The Developmental and Adaptational Implications of Generational Boundary Dissolution: Findings from a Prospective, Longitudinal Study
Generational boundary dissolution in parent-child relationships is a construct that has been variously defined; descriptors include parentification, spousification, filial responsibility, role reversal, and role equalization (see also Kerig, this volume). These terms are not all interchangeable, but what they have in common is their shared characterization of a type of relationship disturbance in which the typical parent and child roles become distorted or even reversed. For example, generational boundary dissolution in the form of parentification can characterize families in which the parent assumes a child-like role and/or the child is drafted into an adult-like role, becoming the parent’s partner or caregiver. Long recognized by clinicians as a potentially pathological family process, these forms of relationship disturbance have also become the focus of empirical attention, and studies have shown links between boundary dissolution and psychosocial maladaptation (e.g., Carlson, Jacobvitz, & Sroufe, 1995; Fullinwider-Bush & Jacobvitz, 1993). For example, boundary dissolution is often related to other risks to child psychosocial development, including maltreatment (particularly sexual abuse) and inconsistent care, parental substance abuse, illness, and divorce. It is generally understood that the premature assumption of adult responsibilities by a child that often characterizes boundary dissolution is a stressor which taxes developing competencies and may compromise meeting the child’s own developmental needs. Furthermore, growing evidence of the intergenerational transmission of boundary dissolution (e.g., Fullinwider-Bush & Jacobvitz, 1993)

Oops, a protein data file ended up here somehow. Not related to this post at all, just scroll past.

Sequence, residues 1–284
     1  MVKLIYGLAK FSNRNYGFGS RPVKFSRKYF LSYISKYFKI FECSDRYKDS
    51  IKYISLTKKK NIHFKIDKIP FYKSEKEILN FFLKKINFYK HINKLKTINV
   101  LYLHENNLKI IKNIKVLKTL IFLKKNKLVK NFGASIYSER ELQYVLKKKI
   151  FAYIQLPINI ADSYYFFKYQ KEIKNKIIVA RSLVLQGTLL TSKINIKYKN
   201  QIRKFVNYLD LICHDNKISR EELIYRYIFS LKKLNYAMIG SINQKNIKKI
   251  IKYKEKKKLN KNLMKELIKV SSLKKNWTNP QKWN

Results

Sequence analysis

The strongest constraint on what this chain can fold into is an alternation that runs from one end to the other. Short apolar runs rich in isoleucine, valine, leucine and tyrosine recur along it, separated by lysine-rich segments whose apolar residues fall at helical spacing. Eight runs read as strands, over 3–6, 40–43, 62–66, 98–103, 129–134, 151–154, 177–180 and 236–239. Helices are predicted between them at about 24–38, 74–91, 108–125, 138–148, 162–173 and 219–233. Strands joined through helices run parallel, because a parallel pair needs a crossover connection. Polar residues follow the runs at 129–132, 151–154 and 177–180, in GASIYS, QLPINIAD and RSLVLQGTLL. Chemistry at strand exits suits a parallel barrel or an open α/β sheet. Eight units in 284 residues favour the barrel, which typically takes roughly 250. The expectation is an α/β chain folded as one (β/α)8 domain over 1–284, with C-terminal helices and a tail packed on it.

points to potentially pervasive and long-lasting effects of parent-child relationship disturbance, contributing to the motivation for continued study in this area.